After looking like the Knicks might run away with it at one point in the first half, the Raptors turned the tables and ended up cruising to their third straight pre-season win and fourth overall in front of what sounded like an awesome capacity crowd in Montreal.
I maintain, like most of you, that pre-season results mean next to nothing, but this was by far Toronto’s most impressive performance of the exhibition schedule thus far.
Here are some thoughts on the game:
- I wasn’t there, but from the sounds of it, the sold out Montreal crowd was energetic and loud, just like they were the last time the Raptors and Knicks met at the Bell Centre in 2010. I realize that the novelty factor comes into effect when discussing non-NBA markets getting pre-season games, but I guarantee you that there are plenty of American cities that wouldn’t be able to get 22,114 fans for an exhibition contest. Bravo, Montreal, bravo. Here’s hoping that somewhere along the line, Montreal and Vancouver will pop up as potential relocation or expansion options.
- I was interested in watching Jonas Valanciunas match up against Tyson Chandler since Chandler is one of the most commonly cited comparisons for Valanciunas, and for the most part, I though Big V handled himself well. He ran into foul trouble early on (though he only deserved two or three of his five fouls) and wasn’t able to get into his rhythm through three quarters, but Valanciunas was impressive in the fourth quarter, and overall, found a way to make an impact despite some adversity. That’s an encouraging sign for Raptors fans, and a sign that the youngster can adapt and adjust to situations quickly.
- What a difference a couple of nights can make. On Wednesday, I commended Andrea Bargnani’s defensive effort but voiced my concern for his offence and his left calf contusion, which forced him to leave the game against Washington early. On Friday night, Bargnani enjoyed his best game of the pre-season on both ends of the floor. He was active on defence, picking up two blocks, and was more aggressive in looking for his offence. His 8/21 shooting performance, which included another tough night from three-point range (2/6), obviously indicates that he still hasn’t found his shot, but this game was a positive step in the right direction for Il Mago with less than two weeks to go until the season opener.
- While Bargnani still hasn’t found his three-point stroke, the Raptors as a team might have, at least for one night. The Raps converted 12 of 26 three-point attempts to put the game away, an especially crucial advantage in a game where the Knicks were a paltry 5-of-27 from behind the arc.
- Sticking with the three-point theme, Landry Fields still can’t buy a three. Again, Fields has been great moving off of the ball to get himself some easier buckets and has been his usual dependent self on the defensive end, but his shooting struggles from long range cannot be denied after missing a couple more wide open threes in this game. On the one hand, Fields is a smart player who won’t be chucking away if he recognizes that his shot isn’t falling (he’s only attempted six three-pointers through five games, making one). But at the same time, the Raptors will need him to rediscover his rookie form from behind the arc at some point.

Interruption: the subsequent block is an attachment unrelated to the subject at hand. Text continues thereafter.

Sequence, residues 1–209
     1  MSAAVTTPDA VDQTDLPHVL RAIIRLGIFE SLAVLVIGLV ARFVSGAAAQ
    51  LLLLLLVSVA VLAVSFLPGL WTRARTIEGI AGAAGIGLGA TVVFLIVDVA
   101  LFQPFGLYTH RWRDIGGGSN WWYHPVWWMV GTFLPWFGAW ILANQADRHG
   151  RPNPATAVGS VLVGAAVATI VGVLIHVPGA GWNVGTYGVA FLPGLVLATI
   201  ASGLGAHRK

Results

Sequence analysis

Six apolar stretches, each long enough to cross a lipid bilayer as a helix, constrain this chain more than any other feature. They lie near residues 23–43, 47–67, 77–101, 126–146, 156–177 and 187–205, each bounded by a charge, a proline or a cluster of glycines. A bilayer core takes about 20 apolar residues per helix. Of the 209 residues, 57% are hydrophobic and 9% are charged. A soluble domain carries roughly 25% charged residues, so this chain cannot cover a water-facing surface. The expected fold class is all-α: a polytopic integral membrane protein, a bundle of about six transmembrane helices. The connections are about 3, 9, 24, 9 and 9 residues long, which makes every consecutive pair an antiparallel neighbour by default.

- The point guard depth continues to be a story. Kyle Lowry looked good in putting up 17 points on just 11 field goal attempts (including going 5-of-6 from deep) and cutting through the defence with his court vision and passing. Jose Calderon was fine off the bench (though porous again defensively) in relief of Lowry, while John Lucas III continues to be the definition of instant offence, scoring 12 points on 4-of-5 shooting in just under nine minutes of floor time. In addition, with the Knicks employing a two-point guard lineup that includes Jason Kidd and Raymond Felton, we got a more extended look at some two-PG lineups of our own.
- On the injury front, Ed Davis failed to see any minutes with what seems like a minor issue (Coach Casey had mentioned that Davis had a sore “behind end”), while Terrence Ross returned to the lineup after missing Wednesday’s game with a sore knee, though the rookie only saw five minutes of action.
- As I mentioned above, I put very little stock in pre-season results. In addition, I understand that a veteran team like the Knicks, especially, cannot be judged by how they look in meaningless mid October games. I also understand that Amare Stoudemire had yet to play a game this season before Friday night’s encounter. But having said all of that, I’m not very convinced by this version of the Knickerbockers. They’ll be held back offensively as long as Carmelo Anthony is there, they’re comedically old and fragile, and as good as he is, Tyson Chandler can’t anchor a great defence all by himself.
Sure, they should be a better basketball team than the Raptors this season, and if I absolutely had to put money on it, I would bet that they will be. But they’re also very vulnerable to a complete meltdown and implosion, and I wouldn’t put the Atlantic basement out of the realm of possibility for them either.
- Just two games remain on the pre-season schedule, with the Raptors hosting the Bucks on Monday night before heading to Memphis for the pre-season finale on Friday night. Those final couple of games should give us a good idea of the eight to 10-man rotation Dwane Casey plans to use this season, though if the last five games have taught us anything, it’s that this team might be even deeper than that.